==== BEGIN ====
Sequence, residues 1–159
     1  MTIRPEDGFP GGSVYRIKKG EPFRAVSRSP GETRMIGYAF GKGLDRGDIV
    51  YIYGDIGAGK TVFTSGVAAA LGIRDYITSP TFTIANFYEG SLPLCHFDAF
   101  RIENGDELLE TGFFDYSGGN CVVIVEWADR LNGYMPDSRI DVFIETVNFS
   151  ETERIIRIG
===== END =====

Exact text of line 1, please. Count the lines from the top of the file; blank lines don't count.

Sequence, residues 1–159